BOISE – Over the objections of an Idaho congressman, the U.S. State Department has given the go-ahead for construction of a Mexican consulate in Boise, a spokesman said.
The Mexican government is looking for a site and hasn’t determined how large the staff will be, Ricardo Alday, a Washington, D.C., spokesman for the Mexican Embassy told the Idaho Statesman in a story published Saturday.
Rep. Bill Sali, R-Idaho, last week asked Secretary of State Condoleezza Rice to delay approval for the Boise location until the U.S. government had addressed “the moral and constitutional duty to take into consideration how foreign consulates affect our fellow citizens here in our own country.”
The newspaper reported that Gov. Butch Otter’s office would not say whether he discussed plans for an Idaho consulate during his recent trade mission to Mexico.
Otter spokesman Jon Hanian said the subject wasn’t on the itinerary, but the governor has said a consulate would help Idaho increase trade with Mexico and would benefit both governments.
Sali raised concerns that “consular cards” issued by the Mexican government at consulates in the U.S. could be used by illegal immigrants for identification to rent housing or open bank accounts.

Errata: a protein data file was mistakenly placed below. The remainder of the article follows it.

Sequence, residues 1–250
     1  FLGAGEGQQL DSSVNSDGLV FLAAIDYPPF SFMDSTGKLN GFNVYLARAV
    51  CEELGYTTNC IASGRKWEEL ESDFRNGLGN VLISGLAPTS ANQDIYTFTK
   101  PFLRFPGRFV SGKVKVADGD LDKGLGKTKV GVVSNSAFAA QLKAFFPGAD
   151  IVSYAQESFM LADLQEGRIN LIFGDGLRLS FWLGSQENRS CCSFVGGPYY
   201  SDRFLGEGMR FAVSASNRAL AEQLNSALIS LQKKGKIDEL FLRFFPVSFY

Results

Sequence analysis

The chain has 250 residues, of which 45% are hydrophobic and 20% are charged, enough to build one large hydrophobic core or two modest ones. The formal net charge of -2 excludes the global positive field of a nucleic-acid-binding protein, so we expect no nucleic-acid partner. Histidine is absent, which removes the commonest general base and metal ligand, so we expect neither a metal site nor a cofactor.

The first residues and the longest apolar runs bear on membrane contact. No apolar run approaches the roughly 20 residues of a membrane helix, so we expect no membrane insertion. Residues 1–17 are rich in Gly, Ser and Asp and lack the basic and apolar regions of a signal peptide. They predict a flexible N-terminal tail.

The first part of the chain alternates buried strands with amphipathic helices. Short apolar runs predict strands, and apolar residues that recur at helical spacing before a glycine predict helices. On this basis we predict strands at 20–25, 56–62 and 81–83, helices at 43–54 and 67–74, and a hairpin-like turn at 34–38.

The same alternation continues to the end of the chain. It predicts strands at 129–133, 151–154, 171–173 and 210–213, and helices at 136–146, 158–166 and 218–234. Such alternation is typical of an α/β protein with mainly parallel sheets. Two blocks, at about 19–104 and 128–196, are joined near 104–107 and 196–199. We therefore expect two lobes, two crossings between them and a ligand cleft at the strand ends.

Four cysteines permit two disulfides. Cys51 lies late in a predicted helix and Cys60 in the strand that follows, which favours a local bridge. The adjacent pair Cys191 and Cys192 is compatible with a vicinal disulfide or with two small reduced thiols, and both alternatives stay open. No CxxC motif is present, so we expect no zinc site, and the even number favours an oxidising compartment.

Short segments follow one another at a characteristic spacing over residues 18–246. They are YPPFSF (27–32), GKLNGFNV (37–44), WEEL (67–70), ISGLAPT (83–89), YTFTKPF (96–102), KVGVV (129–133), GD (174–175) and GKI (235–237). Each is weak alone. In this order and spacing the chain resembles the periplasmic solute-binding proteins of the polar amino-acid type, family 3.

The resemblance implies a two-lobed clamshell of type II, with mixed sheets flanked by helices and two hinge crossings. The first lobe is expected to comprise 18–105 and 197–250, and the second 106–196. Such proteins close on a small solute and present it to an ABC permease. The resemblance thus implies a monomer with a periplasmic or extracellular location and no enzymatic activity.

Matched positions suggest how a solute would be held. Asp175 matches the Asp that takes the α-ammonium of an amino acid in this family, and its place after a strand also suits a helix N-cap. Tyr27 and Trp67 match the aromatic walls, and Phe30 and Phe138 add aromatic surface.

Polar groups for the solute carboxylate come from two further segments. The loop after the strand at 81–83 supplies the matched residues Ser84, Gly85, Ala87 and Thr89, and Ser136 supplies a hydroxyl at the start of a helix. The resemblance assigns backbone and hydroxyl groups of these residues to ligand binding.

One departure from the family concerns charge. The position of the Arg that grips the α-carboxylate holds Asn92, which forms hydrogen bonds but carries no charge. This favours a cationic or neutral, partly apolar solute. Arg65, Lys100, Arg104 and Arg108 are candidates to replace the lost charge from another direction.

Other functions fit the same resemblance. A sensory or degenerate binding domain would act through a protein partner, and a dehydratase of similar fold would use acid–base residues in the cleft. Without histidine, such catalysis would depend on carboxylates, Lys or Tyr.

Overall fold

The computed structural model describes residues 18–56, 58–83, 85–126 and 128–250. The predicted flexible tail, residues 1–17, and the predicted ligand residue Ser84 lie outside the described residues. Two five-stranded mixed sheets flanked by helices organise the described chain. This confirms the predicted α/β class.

The consulate, which requires State Department approval, would become the Mexican government’s 49th in the United States. The State Department also approved the Mexican government’s plans to open a consulate in Anchorage, Alaska, Alday said.
Last week President Bush and Mexican President Felipe Calderon reopened a consulate in New Orleans that closed in 2002, causing an estimated 30,000 Mexican citizens in southeast Louisiana to go to Houston for diplomatic services.
Currently, Mexican citizens in Idaho must travel to Salt Lake City or Seattle, the closest Mexican consulates. Once open, the Mexican consulate in Boise will be the first full consular office in Idaho.
Boise is home to honorary consular officials from France and other countries.
Typically, a consulate’s role is to protect citizens abroad, provide government services, strengthen relations between countries, and promote cultural and business ties.
Often, the government chooses places where government or business leaders have requested a consulate or where there is a significant need in the population, Alday said.
Boise officials said Friday they had not received an application for a Mexican consulate.